An Ivy League institution has offered an apology after using the bones of Black children killed in a police bombing in Philadelphia in 1985 in a forensics class.
The remains of victims of the MOVE bombing were used as a “case study” in an online course titled “Real Bones: Adventures in Forensic Anthropology,” taught to students of Princeton University and the University of Pennsylvania. Though the bones have never been positively identified, The Guardian reported they most likely belong to one or two girls, a 14-year-old or a 12-year-old, both of whom parents are still alive.
Protesters gathered outside of the Penn Museum on Wednesday (April 28) demanding the institution return the remains to the family. “Someone who died in 1985 whose mother is still alive...should not be part of a collection. That’s not history,” YahNé Ndgo, a protester, said. “We are not subjects of study, we are human beings!”
Following news of the course and backlash, the University of Pennsylvania apologized.
“The Penn Museum and the University of Pennsylvania apologize to the Africa family and the members of our community for allowing human remains recovered from the MOVE house to be used for research and teaching, and for retaining the remains for far too long,” said a statement from the university Provost Wendell Pritchett and Christopher Woods, director of the school’s Museum of Archaeology and Anthropology.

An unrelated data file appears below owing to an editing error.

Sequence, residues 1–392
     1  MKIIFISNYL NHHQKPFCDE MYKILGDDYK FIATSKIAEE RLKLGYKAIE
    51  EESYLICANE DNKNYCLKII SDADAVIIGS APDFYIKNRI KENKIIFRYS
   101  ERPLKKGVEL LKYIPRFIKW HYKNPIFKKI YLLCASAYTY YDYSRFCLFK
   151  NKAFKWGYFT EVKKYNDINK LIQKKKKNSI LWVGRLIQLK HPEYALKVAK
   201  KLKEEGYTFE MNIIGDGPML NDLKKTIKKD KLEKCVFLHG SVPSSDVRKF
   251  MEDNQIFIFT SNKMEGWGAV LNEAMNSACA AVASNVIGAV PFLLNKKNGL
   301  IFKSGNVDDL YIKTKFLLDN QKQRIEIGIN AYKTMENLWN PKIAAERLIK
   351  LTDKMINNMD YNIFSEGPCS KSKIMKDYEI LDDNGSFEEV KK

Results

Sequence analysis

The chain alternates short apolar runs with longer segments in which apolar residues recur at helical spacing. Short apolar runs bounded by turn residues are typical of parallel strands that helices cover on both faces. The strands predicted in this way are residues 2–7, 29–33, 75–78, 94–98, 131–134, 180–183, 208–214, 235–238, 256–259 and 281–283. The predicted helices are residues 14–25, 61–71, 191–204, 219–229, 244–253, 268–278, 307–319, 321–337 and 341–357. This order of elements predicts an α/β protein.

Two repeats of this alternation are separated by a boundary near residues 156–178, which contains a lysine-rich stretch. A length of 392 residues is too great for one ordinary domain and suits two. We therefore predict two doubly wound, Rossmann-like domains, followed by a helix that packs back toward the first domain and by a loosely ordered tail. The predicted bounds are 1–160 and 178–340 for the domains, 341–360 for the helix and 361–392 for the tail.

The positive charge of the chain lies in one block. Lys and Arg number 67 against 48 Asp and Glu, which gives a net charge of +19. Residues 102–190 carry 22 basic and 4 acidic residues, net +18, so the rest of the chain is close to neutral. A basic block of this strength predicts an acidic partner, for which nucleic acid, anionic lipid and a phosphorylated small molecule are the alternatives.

“The Museum has promised to reassess our practices of collecting, stewarding, displaying, and researching human remains, and we are committed to this promise. It is now obvious, however, that this reassessment must also include how human remains are used in teaching as well as a comprehensive review of the holdings and collection practices of our Physical Anthropology section,” the statement added.
The course is no longer available and its class preview has been removed from YouTube.
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